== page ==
There was just no chemistry between this pair, none, so I ended up skipping sex scenes, and I do not take skipping anything in any book lightly. They both lacked necessary depth and dimension to make them feel alive and real,  especially Jag.

Jag likes working at Heaven and Hell, says multiple times he likes the other dancers he works with, but we never get to meet one of them except Mac, who happens to be Michael’s best friend.

I didn’t like the use of the words “the femme guy” to describe Mac’s partner Russel. I found it derogatory. Just use the words “Mac’s partner.” If one guy is masc or they aren’t, whatever point you feel needs to be made, we’ll get it because of the quality of writing and character development. Unfortunately, the character development was lacking for me. I’m a character obsessive so I had issues.

The dancers are encouraged to do lap dances and private shows, but you never see Jag do one of them. I guess some readers might be upset and consider it unseemly, but I expected it. It’s a strip club. I was disappointed this wasn’t used to build some tension or connection in the story.

The gay conversion plot fell flat, as did any abhorrence that I should have felt along with it. I know in 2018 the British government was going though the processes of banning conversion therapy. Even so, it hasn’t ever (thankfully) been as widespread there as, say, the United States. Two medical practitioners being complicit in having Jag held and “treated” for being gay, whilst not impossible, was highly questionable.

The attempt at trying to make the reader feel like Jag could be sectioned was all kinds of silly. Being gay is not a sectioning option, don’t even start me on what’s involved in sectioning someone. At least the solicitor tried to explain it to them later on. Also, Jag is now twenty, his parents grabbing him off the street would have been kidnapping, but neither Michael or Jag think about that. Michael is old enough to have at least given that some thought, especially once he knew. He’s a businessman who says he’s financially turned Heaven and Hell around, so he’s not clueless.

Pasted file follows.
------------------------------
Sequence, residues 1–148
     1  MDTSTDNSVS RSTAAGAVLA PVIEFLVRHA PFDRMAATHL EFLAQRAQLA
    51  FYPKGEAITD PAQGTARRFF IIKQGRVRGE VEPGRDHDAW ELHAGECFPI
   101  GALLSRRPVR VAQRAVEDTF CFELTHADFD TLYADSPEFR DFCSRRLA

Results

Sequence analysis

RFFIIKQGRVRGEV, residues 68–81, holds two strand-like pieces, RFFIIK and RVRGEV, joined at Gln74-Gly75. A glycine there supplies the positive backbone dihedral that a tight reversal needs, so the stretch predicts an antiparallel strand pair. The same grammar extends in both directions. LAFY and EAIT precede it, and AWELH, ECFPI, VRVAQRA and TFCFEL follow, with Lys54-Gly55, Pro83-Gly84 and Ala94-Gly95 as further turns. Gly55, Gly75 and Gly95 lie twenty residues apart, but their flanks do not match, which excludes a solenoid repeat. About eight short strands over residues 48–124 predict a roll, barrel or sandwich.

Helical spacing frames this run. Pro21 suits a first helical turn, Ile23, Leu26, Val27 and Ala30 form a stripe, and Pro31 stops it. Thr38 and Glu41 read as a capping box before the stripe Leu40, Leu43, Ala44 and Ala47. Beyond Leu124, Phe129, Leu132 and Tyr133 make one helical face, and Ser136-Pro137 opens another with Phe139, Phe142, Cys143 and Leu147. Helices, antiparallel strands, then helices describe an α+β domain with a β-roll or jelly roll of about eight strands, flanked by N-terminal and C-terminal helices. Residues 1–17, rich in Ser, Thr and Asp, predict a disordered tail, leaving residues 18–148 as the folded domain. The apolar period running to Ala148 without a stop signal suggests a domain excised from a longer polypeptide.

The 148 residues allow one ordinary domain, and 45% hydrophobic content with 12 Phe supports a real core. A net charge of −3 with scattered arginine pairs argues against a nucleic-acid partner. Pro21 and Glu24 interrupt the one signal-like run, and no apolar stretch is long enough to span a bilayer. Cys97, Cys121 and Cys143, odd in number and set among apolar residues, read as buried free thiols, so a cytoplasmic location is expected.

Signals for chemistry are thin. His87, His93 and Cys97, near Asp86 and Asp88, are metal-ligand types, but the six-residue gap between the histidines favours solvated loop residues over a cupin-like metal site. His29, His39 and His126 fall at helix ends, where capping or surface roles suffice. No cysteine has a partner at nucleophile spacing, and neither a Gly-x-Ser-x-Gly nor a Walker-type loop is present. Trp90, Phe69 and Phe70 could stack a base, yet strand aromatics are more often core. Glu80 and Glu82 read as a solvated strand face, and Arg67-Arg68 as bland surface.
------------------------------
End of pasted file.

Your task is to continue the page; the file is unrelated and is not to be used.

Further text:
There’s a lot of inner monologue in this book which became repetitive and stifled the chemistry and overall story.  That much-needed sense of connection, drama or hurt/comfort went astray. The whole conversion therapy was tell, tell, tell, a lot of the overall story was, which made it feel flat and opportunistic. It didn’t take me where it needed to – the emotional reactions and feelings, sympathy and empathy. I couldn’t really find the necessary tug at my heartstrings. As well as being a character nut, I’m a visceral reader, and I also need some relatable reality in my fiction. It’s an important subject and it should have been given more informed treatment.


I was disappointed with Broken. It had a great premise, the cover’s good, and while I can see that the author has what it takes to write a good story – there were moments I felt something – overall, this was a letdown for me.

I’ll finish by saying that this book has been well received on Goodreads. My rating/review is very much a dissenting voice thus far – take that as you will. 2 Stars!

ARC received in return for an honest review.